“These techniques have been here all along. As the saying goes, nothing gets old but clothes and those come back.”
Raiford, who often wears red-framed glasses, heavy work pants that can withstand snagging on plants or equipment, and T-shirts to fit the Georgia weather, pauses to pick up what he calls his snake stick to walk the farm.
“It’s a Mossberg.”
Despite the precaution of carrying his firearm made by the Mossberg company, no snakes appear even though the open land in Where the Wild Things Are and a magnificent Spanish oak dripping moss suggest that they could. Oyster shells dot the garden from a recent oyster roast held on tin sheets of roofing. A few unmoored garlic bulbs remain scattered about, forgotten by the crowing roosters. Several homes dot the edges of the acreage and a dip permanently falls away from what used to be the Southern Railways track running near the Spanish oak.
In addition to the wild things on the property, behind Matthew Raiford’s house there are chicken houses, and beyond that, tilled space that supports an orchard, greens, sugar cane, sumac. He has plans for more. This year: shallots, garlic, peas, sweet potatoes. The old sugarcane press is set up near the house, and though the wood-beamed turnstile is no longer rotated by a mule but by a riding lawnmower, the resulting molasses will be thick and dark and bottled once again for family use.
There’s an old schoolhouse on the property that was the only school for black children for a 25-mile radius from 1907-1955. Raiford’s uncles, aunts and grandmother all studied there; his mother was of the first generation that did not. The family gave up an acre of land for the school and were at the ready with food from the farm for the children who attended from such great distances.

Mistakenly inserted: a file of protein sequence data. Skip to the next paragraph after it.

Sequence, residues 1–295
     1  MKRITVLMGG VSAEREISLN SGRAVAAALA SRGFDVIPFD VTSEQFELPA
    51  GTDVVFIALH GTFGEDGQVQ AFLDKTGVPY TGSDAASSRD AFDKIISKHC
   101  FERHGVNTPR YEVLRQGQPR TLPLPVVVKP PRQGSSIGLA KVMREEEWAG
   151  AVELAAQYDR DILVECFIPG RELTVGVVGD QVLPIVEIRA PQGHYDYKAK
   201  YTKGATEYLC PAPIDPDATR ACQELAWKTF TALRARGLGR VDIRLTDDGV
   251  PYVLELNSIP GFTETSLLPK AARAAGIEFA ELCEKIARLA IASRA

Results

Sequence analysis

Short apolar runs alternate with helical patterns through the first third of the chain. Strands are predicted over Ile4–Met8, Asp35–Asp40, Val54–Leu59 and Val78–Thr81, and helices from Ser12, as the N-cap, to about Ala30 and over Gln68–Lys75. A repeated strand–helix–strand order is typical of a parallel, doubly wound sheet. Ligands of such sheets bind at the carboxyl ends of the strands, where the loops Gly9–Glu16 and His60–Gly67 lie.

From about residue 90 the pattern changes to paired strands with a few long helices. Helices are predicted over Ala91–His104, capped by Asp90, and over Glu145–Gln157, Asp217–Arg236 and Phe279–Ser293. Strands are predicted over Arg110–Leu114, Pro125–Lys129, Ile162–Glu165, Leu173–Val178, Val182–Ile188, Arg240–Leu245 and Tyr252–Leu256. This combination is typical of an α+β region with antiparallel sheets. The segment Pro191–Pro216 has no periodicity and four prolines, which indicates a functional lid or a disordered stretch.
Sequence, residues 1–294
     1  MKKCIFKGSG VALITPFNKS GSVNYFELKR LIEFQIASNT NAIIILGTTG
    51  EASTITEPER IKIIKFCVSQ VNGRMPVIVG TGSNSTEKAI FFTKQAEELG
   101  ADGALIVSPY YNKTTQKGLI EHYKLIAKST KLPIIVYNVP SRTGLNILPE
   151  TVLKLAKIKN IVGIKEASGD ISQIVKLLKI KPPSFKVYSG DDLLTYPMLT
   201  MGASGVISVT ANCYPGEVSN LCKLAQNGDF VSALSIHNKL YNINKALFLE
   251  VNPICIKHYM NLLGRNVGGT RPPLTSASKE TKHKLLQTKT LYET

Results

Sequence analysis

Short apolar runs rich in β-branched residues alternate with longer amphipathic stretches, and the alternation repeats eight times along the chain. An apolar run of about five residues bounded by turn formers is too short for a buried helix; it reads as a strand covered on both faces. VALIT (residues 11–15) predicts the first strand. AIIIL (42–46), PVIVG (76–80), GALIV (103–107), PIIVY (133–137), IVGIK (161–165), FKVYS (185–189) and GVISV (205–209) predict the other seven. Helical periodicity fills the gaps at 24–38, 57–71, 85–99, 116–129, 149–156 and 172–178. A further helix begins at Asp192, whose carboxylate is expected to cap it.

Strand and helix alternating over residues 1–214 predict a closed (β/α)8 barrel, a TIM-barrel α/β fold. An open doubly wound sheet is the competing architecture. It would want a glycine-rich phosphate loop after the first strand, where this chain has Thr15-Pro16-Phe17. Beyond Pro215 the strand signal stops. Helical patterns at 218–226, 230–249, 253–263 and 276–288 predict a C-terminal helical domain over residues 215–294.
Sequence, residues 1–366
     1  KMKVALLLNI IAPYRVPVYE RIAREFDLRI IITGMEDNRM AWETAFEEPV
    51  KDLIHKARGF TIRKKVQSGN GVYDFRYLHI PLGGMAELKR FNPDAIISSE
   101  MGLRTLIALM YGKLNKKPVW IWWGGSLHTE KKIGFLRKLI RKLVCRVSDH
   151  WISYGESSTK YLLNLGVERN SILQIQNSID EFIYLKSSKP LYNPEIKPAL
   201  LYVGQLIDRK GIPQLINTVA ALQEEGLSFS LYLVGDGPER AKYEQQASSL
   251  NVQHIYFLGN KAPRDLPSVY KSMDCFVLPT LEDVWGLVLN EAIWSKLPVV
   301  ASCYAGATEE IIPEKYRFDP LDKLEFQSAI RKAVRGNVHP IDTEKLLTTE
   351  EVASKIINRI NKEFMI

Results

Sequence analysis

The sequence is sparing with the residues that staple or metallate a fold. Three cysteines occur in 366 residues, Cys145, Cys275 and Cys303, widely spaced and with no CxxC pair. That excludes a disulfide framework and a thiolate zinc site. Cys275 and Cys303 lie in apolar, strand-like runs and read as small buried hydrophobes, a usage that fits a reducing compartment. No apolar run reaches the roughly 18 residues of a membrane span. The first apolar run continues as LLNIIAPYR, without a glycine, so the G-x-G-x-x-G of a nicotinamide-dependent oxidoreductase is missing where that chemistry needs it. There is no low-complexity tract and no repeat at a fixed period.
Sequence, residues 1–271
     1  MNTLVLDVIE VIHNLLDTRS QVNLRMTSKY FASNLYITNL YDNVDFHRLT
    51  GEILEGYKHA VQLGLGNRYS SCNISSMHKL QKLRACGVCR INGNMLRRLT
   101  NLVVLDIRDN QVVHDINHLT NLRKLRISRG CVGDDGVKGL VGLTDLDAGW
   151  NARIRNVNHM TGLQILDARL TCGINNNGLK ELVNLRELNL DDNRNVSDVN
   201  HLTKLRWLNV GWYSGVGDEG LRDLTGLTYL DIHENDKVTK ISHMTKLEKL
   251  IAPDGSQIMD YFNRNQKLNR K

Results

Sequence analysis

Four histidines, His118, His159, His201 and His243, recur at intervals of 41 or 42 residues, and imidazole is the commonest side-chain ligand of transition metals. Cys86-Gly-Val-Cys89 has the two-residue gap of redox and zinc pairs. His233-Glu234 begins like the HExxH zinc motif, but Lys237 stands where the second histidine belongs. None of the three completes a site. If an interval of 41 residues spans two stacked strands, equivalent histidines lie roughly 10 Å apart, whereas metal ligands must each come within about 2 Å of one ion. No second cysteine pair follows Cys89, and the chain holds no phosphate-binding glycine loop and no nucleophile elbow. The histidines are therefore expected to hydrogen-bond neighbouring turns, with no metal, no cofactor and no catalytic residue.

“We wanted to make sure that everyone got to eat.”
Feeding people was ingrained. The silty-sandy loam at Gilliard Farms holds multiple histories, and Raiford lives out one of them in sync with the land and the food it provides.
Effie’s Shrimp Perloo
Perloo is a Lowcountry shellfish and rice dish. Similar to jambalaya and paella, it starts with a flavorful base of rice simmered with garlic, onion and bell peppers.
“When I was a kid, my mom used to make this dish often for family gatherings and potluck events,” said chef-farmer Matthew Raiford. “It was her way of stretching food for us at home, and also saying thank you to whoever was hosting the family gathering or potluck because it was obviously homemade. Who goes out and buys seafood for a potluck?”
Satsuma Orange Glazed Sweet Potatoes
“I am always trying something new with the Instapot because it makes meals so quick and delicious with just a few ingredients. I also don’t have to stand over the stove, especially when I need to get crops in the ground or it’s harvest time,” said chef-farmer Matthew Raiford.
If you don’t have an Instapot or other pressure cooker, Raiford offers stovetop instructions.
Nina Mukerjee Furstenau is a journalist and author of the award-winning book “Biting Through the Skin: An Indian Kitchen in America’s Heartland.” She is editor of the FoodStory book series at the University of Iowa Press and her essays can be found at ninafurstenau.com.